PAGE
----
From 2011, McLaren Automotive will launch the first of its new range of technologically advanced high performance sports cars. These cars will break new ground in driving dynamics, automotive technology, Formula 1 process transfer, and performance, but their future success lies in the roots of a company steeped in a rich motorsport history.
Bruce McLaren was born in 1937 in Auckland, New Zealand and in 1963 founded Bruce McLaren Motor Racing in order to develop and race sports cars alongside his commitment as lead driver in the Cooper Grand Prix team.
He had arrived in the UK in 1958 with the ‘Driver to Europe’ scheme that was designed to encourage antipodean drivers to compete with the cream of the world’s drivers. His mentor was Jack Brabham who introduced Bruce to Cooper Cars, the small Surbiton (London)-based team who were poised to create a revolution with compact, lightweight Grand Prix cars powered by an engine behind the driver. Following an auspicious start to his F2 career in 1958 he joined the F1 team for 1959 and stayed with Cooper for seven years.
Bruce made an impact almost immediately by winning the 1959 US Grand Prix aged just 22 years 80 days, at that time the youngest Grand Prix winner. He went on to win three more Grand Prix and countless sports car victories. Yet Bruce was no ordinary driver. His upbringing was steeped in cars and practical engineering at his parent’s service station and workshop. By the age of 14 he had entered a local hill climb in an Austin 7 Ulster and shown promise both as a driver and an engineer.
Back to the 1960s Bruce raced, as did most Grand Prix drivers of this time, in sports cars, Grand Touring cars and more humble saloon cars alongside his commitments to Cooper in Formula 1. He drove for Jaguar, Aston Martin and Ford with whom he won the Le Mans 24 hours in 1966.
He was a true competitor who excelled at innovating and developing racing cars. It was this passion that led Bruce to start his own company, firstly to develop and race a Cooper with a rear-mounted Oldsmobile engine that helped to kick start the ‘big banger’ sports car era. In a show of loyalty to Cooper cars Bruce engineered two 2.5 litre Coopers for the 1964 Tasman series which he won.
In 1964 Bruce and his small team built the first true McLaren sports car – the M1A – which became a top contender in sports car racing both in Europe and America. After proving its credentials the orders rolled in and 24 examples were built. Its successor, the M1B, was quicker still and carried Bruce’s nascent team into the inaugural Can-Am (Canadian –American Challenge Cup) championship. These cars were faster than the then current Formula 1 cars providing a spectacle of colour accompanied by the deep rumble of highly-tuned, large American V8 engines. The inaugural year of this championship did not yield a victory for McLaren but Bruce came third in the series.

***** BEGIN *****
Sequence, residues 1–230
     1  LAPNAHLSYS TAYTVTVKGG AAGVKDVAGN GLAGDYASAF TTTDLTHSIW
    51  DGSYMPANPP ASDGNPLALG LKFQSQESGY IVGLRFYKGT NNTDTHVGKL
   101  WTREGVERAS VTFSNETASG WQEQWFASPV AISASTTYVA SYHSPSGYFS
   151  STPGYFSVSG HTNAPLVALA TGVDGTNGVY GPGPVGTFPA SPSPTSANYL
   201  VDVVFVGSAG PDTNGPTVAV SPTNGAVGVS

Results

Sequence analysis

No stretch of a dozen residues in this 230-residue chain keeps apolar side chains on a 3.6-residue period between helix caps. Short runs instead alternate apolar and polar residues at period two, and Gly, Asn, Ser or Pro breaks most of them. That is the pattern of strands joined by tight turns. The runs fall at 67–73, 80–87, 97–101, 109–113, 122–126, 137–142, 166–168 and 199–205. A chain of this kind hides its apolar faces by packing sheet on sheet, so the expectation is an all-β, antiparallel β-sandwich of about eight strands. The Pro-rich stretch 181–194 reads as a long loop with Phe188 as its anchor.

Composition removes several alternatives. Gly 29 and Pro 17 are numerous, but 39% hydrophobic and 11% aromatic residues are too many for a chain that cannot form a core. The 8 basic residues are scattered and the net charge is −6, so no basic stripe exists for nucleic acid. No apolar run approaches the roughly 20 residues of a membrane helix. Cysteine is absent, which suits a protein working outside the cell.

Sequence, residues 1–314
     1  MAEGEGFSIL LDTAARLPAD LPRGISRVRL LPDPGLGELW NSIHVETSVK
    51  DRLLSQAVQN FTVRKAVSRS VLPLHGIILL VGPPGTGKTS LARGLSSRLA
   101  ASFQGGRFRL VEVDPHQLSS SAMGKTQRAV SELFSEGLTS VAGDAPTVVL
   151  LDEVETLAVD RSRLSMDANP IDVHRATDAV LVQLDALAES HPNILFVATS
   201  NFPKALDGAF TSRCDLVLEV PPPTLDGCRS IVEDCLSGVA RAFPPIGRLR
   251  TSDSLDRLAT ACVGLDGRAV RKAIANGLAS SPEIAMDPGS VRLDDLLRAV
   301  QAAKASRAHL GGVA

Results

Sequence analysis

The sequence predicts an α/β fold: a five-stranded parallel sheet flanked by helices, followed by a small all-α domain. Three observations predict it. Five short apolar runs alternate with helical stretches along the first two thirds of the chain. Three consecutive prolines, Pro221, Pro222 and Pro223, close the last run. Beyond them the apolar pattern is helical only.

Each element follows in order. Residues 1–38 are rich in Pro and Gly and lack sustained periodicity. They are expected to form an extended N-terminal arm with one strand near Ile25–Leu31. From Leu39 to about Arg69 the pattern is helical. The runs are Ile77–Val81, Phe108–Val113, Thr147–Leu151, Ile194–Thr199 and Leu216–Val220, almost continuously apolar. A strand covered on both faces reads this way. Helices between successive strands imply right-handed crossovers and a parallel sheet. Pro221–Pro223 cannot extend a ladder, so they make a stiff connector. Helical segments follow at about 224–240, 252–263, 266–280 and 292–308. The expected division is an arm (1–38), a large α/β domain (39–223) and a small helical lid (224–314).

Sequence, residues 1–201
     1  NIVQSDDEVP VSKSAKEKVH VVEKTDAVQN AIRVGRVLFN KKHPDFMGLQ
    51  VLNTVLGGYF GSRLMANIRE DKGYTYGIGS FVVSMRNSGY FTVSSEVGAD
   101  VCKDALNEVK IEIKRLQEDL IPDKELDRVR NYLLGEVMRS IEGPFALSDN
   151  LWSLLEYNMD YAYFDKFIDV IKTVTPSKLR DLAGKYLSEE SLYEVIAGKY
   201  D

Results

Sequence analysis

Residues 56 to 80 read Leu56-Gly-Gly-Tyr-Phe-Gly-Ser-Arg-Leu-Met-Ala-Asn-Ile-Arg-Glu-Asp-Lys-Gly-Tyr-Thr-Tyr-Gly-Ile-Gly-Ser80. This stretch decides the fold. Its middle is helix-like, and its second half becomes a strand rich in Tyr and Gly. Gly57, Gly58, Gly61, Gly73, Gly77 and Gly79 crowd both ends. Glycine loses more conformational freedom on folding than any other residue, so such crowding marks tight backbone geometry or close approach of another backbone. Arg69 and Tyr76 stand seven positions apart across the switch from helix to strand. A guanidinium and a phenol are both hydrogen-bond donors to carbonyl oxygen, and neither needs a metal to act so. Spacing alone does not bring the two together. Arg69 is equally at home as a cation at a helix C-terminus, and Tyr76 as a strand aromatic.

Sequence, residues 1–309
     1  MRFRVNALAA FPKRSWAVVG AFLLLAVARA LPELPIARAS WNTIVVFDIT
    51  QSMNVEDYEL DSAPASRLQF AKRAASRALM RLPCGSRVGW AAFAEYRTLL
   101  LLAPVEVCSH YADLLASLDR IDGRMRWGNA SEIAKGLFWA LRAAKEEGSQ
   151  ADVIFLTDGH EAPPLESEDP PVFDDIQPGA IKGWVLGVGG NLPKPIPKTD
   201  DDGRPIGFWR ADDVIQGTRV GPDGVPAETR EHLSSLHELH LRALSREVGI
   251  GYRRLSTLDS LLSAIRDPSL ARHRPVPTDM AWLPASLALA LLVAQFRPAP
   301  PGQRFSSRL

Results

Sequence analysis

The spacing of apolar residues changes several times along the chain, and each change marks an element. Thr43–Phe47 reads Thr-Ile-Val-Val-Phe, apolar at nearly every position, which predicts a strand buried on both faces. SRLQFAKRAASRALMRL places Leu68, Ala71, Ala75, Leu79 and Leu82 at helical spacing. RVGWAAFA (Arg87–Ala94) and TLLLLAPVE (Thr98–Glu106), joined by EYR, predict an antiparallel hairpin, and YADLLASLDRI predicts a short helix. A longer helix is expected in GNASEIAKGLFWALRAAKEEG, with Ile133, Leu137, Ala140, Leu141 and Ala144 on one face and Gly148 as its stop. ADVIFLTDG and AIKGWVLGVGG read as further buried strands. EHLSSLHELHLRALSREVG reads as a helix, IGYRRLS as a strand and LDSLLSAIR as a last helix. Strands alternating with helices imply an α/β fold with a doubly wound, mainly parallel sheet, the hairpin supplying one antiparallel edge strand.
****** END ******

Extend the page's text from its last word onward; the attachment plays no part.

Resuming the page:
The following year, 1967, saw the start of one of the most dominant episodes in motor sport history.
Now in its trademark papaya orange livery, Bruce and fellow Kiwi Denny Hulme’s Can-Am cars won five of the six races with Bruce taking McLaren’s first title. In the following five seasons what became known as the ‘Bruce and Denny show’ rolled on with Hulme winning the title in 1968 and 1970, while Bruce claimed his second title in 1969. Peter Revson won for McLaren in 1971. Between 1967 and 1971 the works McLarens won 37 of the 43 races including 19 one-twos. Such dominance won many admirers and many sales of racing sports cars and, just occasionally a customer car won too. Over the duration of the Can-Am series McLaren was the dominant victor with 43 victories, almost three times more than its closest competitor Porsche.
Back in 1965 Bruce had already decided to leave Cooper and build his own Formula 1 car for the first season of the new 3 litre formula. Having built a ‘mule’ chassis for testing in 1965, the first McLaren F1 car, the M2B, made its debut at the Monaco GP. Although saddled with underpowered and unreliable engines, Bruce scored a point for sixth place in only its third race, at Brands Hatch, with a further two points later in the season. It was a respectable start but the real mark left by McLaren’s first F1 car was the innovation it featured.